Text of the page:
Welcome back, Travis: You might not remember, but current Red Sox infielder Travis Shaw once had back-to-back 30-home run seasons with the Brewers in 2017 and 2018. Since then, he’s hit just .191 with 20 dingers in 195 games—but the old Travis might be back. Last night, he slugged a grand slam in just his third game with the Red Sox. It was his first home run since May 25.
Seby watch: Maybe I dig White Sox catcher Seby Zavala because he has such a cool name. Or perhaps it’s because he’s been such a blessing for the White Sox, despite his low batting average. He’s still among the team’s best sluggers over the past month, clobbering 5 home runs with 14 RBI and 13 runs scored. He hit 20 or more home runs twice in the minor leagues.
Don’t discount Ahmed: Despite slugging 19 home runs in 2019, Diamondbacks’ shortstop Nick Ahmed has never done much with the bat—he has a .236 career average, a .221 mark this year and a .205 average over the past month. But Ahmed is a throwback to the days of the defense-first shortstop, when guys like Mark Belanger (.228 career hitter) and Ed Brinkman (.224) could put together 15 or 20 year careers. In eight seasons, Ahmed has two Gold Gloves and his .978 fielding percentage is 23rd-best all-time. And about that offense—he has 8 doubles over the past month, the same as phenom Wander Franco and more than fellow shortstops Brandon Crawford and Jean Segura.
Alexander the Decent: Tigers pitcher Tyler Alexander has been nothing short of decent this year, which isn’t quite a ringing endorsement—however, his past few outings show promise. In his last start on August 20, he went 7 1/3 innings and surrendered just one run; two starts before that, he didn’t let a single runner score over 5 1/3 frames. Though he hasn’t put it altogether yet, he has the tools to be an effective hurler down the line. He averaged only 1.5 walks per nine innings in the minors, and his rate in the big leagues isn’t much worse at 1.8. He averaged nearly a strikeout per frame with the Tigers last year, and nearly 10 K/9 IP at Triple A in 2019. Keep an eye on Alexander.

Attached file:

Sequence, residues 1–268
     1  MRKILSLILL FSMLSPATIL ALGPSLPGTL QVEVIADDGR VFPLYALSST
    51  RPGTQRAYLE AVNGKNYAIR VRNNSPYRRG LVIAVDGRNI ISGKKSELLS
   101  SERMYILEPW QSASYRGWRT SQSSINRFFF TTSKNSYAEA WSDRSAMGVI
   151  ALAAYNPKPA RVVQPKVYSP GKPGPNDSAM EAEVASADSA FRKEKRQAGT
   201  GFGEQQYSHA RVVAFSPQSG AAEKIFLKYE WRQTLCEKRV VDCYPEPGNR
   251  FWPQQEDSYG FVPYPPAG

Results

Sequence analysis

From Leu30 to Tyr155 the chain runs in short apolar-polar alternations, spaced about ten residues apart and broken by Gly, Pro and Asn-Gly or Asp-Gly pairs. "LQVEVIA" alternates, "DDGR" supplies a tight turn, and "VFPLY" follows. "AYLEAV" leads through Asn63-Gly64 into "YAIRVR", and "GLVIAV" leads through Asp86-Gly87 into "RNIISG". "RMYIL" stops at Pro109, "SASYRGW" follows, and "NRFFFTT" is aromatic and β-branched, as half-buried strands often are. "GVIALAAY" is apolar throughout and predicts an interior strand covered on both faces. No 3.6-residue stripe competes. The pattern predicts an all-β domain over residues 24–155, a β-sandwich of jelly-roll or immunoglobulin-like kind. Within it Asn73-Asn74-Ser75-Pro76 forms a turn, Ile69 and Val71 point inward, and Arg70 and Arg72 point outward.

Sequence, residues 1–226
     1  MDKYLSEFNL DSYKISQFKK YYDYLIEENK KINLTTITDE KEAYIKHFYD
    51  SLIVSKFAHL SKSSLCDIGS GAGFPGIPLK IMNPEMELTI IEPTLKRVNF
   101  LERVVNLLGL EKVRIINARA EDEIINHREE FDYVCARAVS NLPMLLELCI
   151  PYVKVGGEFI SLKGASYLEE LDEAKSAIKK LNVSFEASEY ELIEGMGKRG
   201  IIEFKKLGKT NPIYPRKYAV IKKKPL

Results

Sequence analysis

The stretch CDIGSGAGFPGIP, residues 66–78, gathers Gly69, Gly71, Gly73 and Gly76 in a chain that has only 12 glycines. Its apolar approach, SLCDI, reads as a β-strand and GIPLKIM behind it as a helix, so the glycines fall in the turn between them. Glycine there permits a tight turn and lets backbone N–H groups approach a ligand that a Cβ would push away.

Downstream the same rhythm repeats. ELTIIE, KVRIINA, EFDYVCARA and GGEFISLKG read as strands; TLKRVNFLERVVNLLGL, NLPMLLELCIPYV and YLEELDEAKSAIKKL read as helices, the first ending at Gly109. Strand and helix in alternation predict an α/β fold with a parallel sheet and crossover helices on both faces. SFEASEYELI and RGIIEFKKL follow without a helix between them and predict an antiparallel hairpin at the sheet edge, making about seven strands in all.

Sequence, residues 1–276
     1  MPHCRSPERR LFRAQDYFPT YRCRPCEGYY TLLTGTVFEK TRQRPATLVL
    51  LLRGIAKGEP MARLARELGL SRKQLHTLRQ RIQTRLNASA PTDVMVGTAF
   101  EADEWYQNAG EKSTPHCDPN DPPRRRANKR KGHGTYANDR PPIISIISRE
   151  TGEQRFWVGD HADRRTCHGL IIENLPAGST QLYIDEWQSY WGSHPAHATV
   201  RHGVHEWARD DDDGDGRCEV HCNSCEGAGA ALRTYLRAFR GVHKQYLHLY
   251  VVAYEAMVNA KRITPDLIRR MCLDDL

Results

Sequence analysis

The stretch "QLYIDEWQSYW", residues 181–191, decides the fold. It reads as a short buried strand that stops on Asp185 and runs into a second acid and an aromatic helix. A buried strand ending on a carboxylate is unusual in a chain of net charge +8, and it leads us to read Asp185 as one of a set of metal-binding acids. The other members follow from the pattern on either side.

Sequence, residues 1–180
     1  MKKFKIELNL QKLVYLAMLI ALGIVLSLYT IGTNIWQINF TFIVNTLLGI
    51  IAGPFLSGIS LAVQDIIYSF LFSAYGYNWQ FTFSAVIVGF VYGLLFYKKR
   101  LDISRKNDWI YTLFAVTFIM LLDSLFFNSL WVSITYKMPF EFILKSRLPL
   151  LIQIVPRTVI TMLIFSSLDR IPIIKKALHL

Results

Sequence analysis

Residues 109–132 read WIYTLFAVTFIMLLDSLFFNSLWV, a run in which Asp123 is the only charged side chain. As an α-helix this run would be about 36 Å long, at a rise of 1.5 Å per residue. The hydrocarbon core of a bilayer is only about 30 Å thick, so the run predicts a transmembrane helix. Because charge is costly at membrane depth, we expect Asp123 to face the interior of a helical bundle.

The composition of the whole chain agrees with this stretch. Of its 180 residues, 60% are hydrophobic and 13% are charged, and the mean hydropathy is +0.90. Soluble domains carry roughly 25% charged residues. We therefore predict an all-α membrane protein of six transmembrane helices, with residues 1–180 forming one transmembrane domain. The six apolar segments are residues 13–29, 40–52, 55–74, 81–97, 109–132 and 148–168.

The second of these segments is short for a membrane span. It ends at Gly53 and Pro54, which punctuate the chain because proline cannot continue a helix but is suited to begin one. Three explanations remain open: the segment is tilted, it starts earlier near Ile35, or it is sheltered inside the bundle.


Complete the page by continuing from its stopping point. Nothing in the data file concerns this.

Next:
Deolis back from the dead: Athletics hurler Deolis Guerra is only 32, yet he’s been playing professionally since 2006; he signed his first contract with the Mets in July 2005. He was traded to the Twins with three others for starter Johan Santana in 2008 and is the only member of that trade who’s still playing. He didn’t make his big league debut until 2015 and has variously had season ERAs of 4.68, 6.48, 8.59 and 54.00 since then. But things are looking up. With Oakland this year, he has a mark of 3.71 and, despite averaging just 7.6 per nine innings for his career, he has averaged more than a K per inning since July 1.
It’s too late: The Mets recently activated star infielders Francisco Lindor and Javier Baez off the disabled list. Slugging utilityman Jose Martinez, who was supposed to help the club off the bench but has missed the whole year to injury, is on a rehab assignment. In the past few games, first baseman Pete Alonso and outfielder Brandon Nimmo are surging. But, I fear, it’s too late for New York, formerly in first place and now under .500, to make a playoff push. Maybe next year.
How’s he still got a job? ERA+ is a weighted measure of a pitcher’s performance that takes things like park factors into account. A mark of 100 is considered average. Tommy Milone, who recently signed with Cincinnati, has posted a mark over 75 only once since 2015.